Wednesday, January 13, 2010

U.S. Rejects the Iranian Regime's Claims

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The United States called "absurd" charges by Iran that it had anything to do with the Tuesday motorcycle bomb blast that killed a prominent nuclear physics professor who publicly backed opposition leader Mir Hossein Mousavi in the June presidential election. State media identified Masoud Ali Mohammadi as the victim of a bomb-rigged motorcycle that blew up outside his home. Mohammadi, 50, was a professor at Tehran University, which has been at the center of recent protests by student opposition supporters. Before the election, pro-reform Web sites published Mohammadi's name among a list of 240 university teachers who supported Mousavi. The government blamed the attack Tuesday on an armed Iranian opposition group under the direction of Israel and the U.S. Hard-line government supporters called at recent street rallies for the execution of the opposition leaders. Mohammadi had just left his house on his way to work when the remote-controlled explosion went off, state TV said. The blast shattered the windows of his home in northern Tehran's Qeytariyeh neighborhood and left the pavement outside smeared with blood and strewn with debris. State media blamed the killing on the West, which is locked in a tense confrontation with Iran over its nuclear program. One news Web site associated with a prominent member of the country's clerical leadership singled out the United States and Israel, saying the assassination was probably the work of an armed Iranian opposition group under the direction of Israeli agents.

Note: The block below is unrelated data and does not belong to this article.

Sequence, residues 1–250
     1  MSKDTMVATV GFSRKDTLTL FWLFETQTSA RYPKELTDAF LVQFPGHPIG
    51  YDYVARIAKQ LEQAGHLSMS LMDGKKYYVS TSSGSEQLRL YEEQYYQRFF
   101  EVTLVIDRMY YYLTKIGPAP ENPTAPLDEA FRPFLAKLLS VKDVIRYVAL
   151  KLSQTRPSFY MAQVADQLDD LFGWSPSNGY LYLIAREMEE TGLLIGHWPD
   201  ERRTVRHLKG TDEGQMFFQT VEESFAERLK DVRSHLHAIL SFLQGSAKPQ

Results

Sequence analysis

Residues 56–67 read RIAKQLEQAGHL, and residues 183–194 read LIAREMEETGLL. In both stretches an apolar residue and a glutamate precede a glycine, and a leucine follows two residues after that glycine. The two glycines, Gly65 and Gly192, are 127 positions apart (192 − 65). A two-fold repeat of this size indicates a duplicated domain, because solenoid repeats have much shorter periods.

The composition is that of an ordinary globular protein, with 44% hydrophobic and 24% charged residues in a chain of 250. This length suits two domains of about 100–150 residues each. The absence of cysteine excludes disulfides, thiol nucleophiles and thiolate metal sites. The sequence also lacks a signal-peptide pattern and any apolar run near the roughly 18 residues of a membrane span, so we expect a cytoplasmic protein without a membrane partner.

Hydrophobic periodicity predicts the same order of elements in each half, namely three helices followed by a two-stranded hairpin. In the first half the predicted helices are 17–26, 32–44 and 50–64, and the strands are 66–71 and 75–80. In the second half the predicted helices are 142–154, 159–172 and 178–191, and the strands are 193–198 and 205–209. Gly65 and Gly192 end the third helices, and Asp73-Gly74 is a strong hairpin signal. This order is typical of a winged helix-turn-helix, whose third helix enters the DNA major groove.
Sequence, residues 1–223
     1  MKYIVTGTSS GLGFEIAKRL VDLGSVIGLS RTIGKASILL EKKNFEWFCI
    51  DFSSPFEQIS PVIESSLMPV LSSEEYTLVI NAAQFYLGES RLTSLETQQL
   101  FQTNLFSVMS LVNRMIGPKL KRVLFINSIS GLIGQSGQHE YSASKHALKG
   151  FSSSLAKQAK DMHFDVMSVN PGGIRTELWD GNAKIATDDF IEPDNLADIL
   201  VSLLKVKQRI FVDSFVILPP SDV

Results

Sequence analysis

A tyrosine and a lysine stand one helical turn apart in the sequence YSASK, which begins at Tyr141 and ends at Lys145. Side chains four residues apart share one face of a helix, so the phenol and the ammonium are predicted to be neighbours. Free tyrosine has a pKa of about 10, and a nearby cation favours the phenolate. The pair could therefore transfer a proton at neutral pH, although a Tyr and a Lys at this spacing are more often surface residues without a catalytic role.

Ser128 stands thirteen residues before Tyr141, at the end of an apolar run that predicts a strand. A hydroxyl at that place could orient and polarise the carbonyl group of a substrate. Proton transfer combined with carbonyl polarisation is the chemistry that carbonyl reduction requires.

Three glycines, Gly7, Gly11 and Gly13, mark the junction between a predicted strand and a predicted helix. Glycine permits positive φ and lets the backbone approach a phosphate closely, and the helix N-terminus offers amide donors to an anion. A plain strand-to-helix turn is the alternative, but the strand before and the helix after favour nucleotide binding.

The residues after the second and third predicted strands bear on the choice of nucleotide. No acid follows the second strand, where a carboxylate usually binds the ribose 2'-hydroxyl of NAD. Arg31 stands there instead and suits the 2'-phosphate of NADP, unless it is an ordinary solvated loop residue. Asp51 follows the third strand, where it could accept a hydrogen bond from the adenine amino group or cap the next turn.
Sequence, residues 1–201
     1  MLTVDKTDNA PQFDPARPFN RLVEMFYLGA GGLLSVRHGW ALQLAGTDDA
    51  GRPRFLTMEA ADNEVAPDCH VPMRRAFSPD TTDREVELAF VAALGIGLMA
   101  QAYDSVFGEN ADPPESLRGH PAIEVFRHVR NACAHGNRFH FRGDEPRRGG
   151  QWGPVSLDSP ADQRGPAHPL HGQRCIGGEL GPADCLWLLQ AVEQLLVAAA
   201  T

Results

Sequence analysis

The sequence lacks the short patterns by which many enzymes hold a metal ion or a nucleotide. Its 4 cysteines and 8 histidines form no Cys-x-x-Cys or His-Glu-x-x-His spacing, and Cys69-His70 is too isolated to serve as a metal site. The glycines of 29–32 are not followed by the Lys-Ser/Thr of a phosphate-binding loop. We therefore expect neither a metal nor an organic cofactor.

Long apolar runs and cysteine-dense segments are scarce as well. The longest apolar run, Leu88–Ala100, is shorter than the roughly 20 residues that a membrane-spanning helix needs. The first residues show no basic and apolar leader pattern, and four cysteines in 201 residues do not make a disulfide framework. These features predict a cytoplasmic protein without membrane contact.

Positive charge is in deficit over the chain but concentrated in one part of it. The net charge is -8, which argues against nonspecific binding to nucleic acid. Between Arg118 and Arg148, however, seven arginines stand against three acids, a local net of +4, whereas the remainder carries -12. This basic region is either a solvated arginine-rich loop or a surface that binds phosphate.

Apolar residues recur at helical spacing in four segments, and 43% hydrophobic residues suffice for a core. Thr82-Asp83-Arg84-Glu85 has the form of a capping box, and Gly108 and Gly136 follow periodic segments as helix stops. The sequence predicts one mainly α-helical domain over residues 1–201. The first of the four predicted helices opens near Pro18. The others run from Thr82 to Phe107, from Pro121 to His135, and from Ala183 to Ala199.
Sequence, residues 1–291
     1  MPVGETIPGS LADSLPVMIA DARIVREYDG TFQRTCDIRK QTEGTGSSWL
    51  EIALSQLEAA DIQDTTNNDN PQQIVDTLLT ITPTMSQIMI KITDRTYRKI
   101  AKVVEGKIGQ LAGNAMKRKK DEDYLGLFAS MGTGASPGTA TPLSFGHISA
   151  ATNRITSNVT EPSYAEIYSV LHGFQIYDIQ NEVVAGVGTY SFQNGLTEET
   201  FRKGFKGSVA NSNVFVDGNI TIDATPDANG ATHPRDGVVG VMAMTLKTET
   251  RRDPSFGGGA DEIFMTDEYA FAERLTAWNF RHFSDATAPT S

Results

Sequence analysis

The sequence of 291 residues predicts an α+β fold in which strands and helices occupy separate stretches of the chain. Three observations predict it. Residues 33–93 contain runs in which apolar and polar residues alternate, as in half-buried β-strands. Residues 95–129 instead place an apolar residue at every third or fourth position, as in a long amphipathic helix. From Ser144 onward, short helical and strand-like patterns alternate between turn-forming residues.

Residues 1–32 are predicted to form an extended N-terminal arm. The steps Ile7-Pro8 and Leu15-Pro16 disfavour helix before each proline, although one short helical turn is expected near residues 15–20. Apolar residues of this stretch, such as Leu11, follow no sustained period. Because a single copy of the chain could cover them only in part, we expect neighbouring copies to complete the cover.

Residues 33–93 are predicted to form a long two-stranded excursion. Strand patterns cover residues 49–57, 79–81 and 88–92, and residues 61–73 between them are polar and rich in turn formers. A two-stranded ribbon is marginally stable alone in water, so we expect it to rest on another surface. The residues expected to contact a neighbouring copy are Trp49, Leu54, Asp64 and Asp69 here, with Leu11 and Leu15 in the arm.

In Washington, State Department spokesman Mark Toner denied the charge. "Any charges of U.S. involvement are absurd," he said. Israel's Foreign Ministry had no comment. The semiofficial ISNA news agency quoted Tehran prosecutor Abbas Jafari Dolatabadi as confirming the killing and saying no one has been arrested. "Most probably, the intelligence services and elements of (Israel's) Mossad and the CIA had a hand in his assassination," the prosecutor said, according to the Web site of state TV. A spokesman for the atomic agency, Ali Shirzadian, told The Associated Press that Ali Mohammadi had no link with the agency responsible for Iran's contentious nuclear program. Iran is under pressure from the United States and its European allies, which suspect Tehran is seeking to develop nuclear weapons. Iran denies that. "He was not involved in the country's nuclear program," Shirzadian said of the victim. Iran denies having any intention to produce weapons and insists its nuclear work only has peaceful aims, such as energy production. Mohammadi was the author of several articles on quantum and theoretical physics in scientific journals. He also was a member of some academic associations focusing on experimental science, but he did not appear to have any high-profile role in promoting Iran's nuclear program. He received his doctorate in 1992 from the Sharif University of Technology in Tehran. Iran's suspicions for the assassination fell on exiled opposition group the People's Mujahedeen Organization of Iran and Israeli agents, said the news Web site Tabnak. The Tabnak site is closely associated with Mohsen Rezaei, who serves on an advisory body to the country's supreme leader, Ayatollah Ali Khamenei. (Read more...)